PROSPECTUS LIABILITY AND PRIVATE INTERNATIONAL LAW

The Netherlands, Curaçao, St. Maarten and the BES-islands

The Netherlands

Since 11 January 2009 Rome II* has been applicable in the Netherlands with regard to the applicable law on non-contractual obligations. Rome II is not applicable in Curaçao, St. Maarten, Aruba and the BES Islands. This observation obviously does not exclude a certain reflex effect.

Rome II applies to events causing loss occurring after 11 January 2009 (Section 31 Rome II). Non-contractual obligations, insofar as they are relevant here, involve obligations arising from (legal) obligations to pay compensation pursuant to a wrongful act (tort).

In my opinion prospectus liability is covered in the scope of Rome II. After all, it is rather generally stipulated in Section 2 subsection 1 of Rome II that the term ‘loss’ means any consequence arising from a wrongful act (onrechtmatige daad), unjust enrichment (ongerechtvaardigde verrijking), management of another’s affairs (zaakwaarneming) or pre-contractual liability (precontractuele aansprakelijkheid). So this also covers pure financial loss (losses suffered, lost profits), which will often be the case in connection with prospectus liability.

Under the operation of Rome II the applicable law must be determined, also by the Dutch court, according to the location where the loss occurs, regardless of in which countries the indirect consequences of this event occur. So it concerns the location where the direct loss has been suffered (lex loci damni). In the event of financial loss, the court must determine in which country the loss has been suffered or the profit was missed; after all, the pure financial loss occurs in that country (Section 4 subsection 1 Rome II). The country where the loss occurs will in many cases (also) be a country other than the country where the investing general public has initially been appealed to by means of a prospectus.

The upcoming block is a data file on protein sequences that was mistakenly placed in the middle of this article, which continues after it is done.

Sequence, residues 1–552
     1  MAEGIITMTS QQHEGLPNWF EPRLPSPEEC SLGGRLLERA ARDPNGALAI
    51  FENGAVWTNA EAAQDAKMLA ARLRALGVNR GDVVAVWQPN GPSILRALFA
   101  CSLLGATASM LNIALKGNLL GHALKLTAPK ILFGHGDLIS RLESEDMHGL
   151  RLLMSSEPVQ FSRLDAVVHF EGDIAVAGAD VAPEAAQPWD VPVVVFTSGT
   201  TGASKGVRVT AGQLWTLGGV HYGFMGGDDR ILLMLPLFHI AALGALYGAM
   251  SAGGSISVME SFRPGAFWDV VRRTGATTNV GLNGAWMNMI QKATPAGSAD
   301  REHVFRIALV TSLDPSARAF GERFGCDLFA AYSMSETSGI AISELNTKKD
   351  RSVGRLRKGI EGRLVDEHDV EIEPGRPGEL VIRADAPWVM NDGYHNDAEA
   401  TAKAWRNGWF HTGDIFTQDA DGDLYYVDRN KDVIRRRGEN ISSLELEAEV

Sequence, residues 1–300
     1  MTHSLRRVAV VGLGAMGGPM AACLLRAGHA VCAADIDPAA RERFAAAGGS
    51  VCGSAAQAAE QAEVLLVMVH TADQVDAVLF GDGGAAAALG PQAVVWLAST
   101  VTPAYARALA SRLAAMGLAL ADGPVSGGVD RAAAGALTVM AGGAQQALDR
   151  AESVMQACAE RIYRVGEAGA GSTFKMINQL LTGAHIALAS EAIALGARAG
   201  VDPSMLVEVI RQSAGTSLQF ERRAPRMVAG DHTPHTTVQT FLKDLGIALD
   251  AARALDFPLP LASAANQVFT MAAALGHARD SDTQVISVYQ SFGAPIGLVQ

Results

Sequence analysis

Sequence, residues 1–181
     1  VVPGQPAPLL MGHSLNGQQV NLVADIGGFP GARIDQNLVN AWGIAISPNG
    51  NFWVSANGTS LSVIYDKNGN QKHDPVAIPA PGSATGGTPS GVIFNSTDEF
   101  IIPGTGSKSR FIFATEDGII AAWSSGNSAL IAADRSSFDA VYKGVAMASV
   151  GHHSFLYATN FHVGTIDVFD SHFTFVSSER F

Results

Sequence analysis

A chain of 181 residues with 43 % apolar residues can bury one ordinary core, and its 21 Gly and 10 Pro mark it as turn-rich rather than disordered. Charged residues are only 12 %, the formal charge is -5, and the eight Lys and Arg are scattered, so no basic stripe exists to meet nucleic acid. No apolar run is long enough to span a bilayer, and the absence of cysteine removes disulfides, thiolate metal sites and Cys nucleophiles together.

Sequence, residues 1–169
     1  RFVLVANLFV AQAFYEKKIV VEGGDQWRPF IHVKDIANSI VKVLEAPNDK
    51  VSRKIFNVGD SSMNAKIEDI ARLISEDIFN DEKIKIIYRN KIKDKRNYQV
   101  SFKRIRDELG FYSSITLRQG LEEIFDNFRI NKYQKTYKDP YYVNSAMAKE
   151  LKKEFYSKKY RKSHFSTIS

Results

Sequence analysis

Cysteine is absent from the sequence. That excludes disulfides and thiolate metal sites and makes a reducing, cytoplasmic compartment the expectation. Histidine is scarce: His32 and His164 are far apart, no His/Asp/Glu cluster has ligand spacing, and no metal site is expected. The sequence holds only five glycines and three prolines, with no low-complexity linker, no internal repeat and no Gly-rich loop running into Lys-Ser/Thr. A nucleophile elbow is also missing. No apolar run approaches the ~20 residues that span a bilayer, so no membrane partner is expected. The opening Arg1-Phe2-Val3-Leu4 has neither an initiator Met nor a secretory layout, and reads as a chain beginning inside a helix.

For instance an investor living in Austria comes to mind who subscribes to securities via his investment account held in Germany, which securities are offered by a Dutch issuing company in a prospectus – also – available in Austria. Investors’ losses will often occur in multiple countries. For instance under Rome II the right of the country where the investor holds his investment account is applicable not the right of the primary publication location. For each investor it must be ascertained in which country he suffered his loss or missed his profit.

If there are ten investors who suffered a loss in ten different countries and believe that they have a claim on the grounds of a misleading prospectus (or statements made outside the prospectus which caused confusion amongst the general public relevant for the investment decision) each claim will be governed by the law of the respective country. Moreover, it can happen that one and the same investor holding investment accounts in various countries, suffers losses in multiple countries.